IPC Disappointed by Failure of Negotiated Rulemaking Aimed at Encouraging Recycling of Manufacturing Byproducts

September 14, 2017 IPC – Association Connecting Electronics Industries® is disappointed by the failure of a federal advisory committee to reach agreement on a plan to encourage recycling of manufacturing byproducts.   

Under the Lautenberg Chemical Safety Act (LSCA), which was passed by Congress in 2016 with bipartisan support, the U.S. Environmental Protection Agency (EPA) was directed to establish a “negotiated rulemaking committee” aimed at reducing the reporting requirements for byproducts sent for recycling. Two of the panel members represented the electronics industry, including Fern Abrams, IPC’s director of regulatory affairs.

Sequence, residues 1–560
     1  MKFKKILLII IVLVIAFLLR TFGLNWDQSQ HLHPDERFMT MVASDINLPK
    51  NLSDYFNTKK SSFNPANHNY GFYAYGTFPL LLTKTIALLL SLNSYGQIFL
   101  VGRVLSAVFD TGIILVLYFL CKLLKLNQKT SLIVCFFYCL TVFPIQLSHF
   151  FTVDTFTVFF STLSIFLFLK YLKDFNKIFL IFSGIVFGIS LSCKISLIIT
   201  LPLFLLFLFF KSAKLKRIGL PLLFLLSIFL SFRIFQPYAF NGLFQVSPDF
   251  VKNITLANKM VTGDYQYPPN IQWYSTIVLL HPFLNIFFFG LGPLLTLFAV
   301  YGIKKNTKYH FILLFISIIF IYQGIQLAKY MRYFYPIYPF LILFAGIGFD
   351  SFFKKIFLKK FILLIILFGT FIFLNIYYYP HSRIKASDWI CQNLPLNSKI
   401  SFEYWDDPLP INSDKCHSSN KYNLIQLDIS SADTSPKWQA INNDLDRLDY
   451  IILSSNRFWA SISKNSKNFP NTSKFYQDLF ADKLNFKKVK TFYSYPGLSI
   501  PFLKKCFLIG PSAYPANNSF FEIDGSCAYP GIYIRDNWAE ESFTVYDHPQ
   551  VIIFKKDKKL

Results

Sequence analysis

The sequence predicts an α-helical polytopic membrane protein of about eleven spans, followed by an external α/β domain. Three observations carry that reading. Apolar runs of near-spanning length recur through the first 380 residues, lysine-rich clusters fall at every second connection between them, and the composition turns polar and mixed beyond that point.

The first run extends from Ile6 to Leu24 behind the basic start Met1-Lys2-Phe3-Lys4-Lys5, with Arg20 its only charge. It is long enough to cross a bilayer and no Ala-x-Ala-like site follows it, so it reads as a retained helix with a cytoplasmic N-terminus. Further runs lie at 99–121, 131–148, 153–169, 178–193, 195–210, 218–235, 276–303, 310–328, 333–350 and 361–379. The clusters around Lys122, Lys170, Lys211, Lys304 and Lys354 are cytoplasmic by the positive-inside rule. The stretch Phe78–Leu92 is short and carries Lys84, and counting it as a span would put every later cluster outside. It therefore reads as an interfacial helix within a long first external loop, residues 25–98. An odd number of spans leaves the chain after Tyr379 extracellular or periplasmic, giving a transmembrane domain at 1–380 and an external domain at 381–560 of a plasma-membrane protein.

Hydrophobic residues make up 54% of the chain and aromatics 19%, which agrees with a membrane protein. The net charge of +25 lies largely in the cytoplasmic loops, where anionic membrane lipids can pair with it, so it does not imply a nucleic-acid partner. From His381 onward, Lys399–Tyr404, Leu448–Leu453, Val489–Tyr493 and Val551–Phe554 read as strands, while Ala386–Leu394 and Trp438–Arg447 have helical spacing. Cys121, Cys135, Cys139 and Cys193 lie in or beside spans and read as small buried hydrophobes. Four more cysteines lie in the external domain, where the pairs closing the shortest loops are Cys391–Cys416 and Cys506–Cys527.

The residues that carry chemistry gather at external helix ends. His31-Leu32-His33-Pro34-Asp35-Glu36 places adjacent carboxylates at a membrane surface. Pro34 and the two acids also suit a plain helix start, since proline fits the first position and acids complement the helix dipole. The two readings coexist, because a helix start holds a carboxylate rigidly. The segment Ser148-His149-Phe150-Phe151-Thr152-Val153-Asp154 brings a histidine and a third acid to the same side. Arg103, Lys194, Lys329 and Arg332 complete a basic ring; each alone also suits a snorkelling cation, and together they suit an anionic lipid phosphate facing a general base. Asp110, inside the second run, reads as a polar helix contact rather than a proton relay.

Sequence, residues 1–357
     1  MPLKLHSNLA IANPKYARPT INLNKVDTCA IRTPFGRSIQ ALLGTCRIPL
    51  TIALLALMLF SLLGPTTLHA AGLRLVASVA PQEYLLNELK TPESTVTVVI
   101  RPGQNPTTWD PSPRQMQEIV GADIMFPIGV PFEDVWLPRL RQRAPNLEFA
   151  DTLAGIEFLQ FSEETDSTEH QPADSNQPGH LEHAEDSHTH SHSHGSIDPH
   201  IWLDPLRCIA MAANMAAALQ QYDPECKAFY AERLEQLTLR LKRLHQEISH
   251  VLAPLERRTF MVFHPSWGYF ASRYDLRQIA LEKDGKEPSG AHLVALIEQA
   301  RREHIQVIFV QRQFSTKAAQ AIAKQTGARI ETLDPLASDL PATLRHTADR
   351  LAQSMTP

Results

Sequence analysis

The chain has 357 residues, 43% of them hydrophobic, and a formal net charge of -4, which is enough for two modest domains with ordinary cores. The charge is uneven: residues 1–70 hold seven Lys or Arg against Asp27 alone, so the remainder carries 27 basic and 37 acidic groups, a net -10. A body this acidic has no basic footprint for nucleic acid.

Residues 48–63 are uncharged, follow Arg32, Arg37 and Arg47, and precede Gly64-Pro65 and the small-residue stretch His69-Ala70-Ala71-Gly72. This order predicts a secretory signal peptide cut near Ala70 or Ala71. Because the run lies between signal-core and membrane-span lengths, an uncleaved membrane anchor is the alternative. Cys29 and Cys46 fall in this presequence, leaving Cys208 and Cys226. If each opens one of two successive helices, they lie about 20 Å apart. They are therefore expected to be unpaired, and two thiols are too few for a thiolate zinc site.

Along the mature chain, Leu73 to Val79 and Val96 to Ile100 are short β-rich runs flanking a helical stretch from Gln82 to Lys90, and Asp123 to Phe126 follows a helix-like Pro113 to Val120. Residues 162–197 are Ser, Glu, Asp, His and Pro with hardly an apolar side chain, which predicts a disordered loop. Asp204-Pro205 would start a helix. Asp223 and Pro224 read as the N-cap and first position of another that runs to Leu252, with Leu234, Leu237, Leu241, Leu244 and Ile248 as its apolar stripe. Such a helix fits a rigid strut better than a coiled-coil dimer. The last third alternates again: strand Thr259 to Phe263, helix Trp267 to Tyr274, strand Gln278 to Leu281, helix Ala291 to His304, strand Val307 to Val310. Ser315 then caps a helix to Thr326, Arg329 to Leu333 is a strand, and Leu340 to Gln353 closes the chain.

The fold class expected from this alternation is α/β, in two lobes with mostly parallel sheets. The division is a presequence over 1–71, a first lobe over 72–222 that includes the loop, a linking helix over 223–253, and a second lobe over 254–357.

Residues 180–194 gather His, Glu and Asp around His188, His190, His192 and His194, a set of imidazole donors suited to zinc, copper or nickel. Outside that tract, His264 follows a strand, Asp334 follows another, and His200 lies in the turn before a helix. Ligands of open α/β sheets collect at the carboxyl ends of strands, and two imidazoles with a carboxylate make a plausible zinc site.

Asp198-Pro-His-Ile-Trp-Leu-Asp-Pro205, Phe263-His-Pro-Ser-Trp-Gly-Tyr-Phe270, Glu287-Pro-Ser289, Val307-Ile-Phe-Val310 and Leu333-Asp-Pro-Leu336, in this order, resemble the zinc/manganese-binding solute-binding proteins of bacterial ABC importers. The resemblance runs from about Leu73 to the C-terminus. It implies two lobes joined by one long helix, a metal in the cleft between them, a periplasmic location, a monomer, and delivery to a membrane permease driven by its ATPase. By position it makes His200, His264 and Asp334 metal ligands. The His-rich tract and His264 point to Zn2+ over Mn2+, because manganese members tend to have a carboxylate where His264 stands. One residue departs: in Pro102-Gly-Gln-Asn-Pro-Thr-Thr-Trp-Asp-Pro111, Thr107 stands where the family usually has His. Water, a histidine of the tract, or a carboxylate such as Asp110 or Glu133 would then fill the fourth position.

After three official meetings in recent months, the committee today decided to end its work after it became clear that no consensus would be reached. 

“IPC appreciates the EPA’s thoughtful participation and contributions to the process, and we are disappointed that the committee was unable to reach a consensus that would have encouraged recycling,” said Abrams.

IPC strongly supported the goal of the negotiated rulemaking, having worked for years to reduce requirements that discourage the recycling of inorganic byproducts by requiring duplicative reporting under the Toxic Substances Control Act (TSCA).

IPC and other industry representatives participated in good faith, offering several meaningful proposals that would have allowed EPA to meet its obligations under TSCA.

“EPA continues to have an obligation under the LCSA to initiate a rulemaking to encourage recycling of byproducts,” Abrams added. “For our part, we will continue to work in good faith with the EPA, with members of Congress, and with all constructive stakeholders to address these issues.”  

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